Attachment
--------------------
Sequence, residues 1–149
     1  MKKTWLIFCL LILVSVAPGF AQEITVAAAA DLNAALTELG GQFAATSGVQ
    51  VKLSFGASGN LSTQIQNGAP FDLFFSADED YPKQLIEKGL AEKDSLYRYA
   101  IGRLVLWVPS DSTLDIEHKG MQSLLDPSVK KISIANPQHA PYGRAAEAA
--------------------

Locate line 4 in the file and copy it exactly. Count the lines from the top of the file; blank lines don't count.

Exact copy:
   101  IGRLVLWVPS DSTLDIEHKG MQSLLDPSVK KISIANPQHA PYGRAAEAA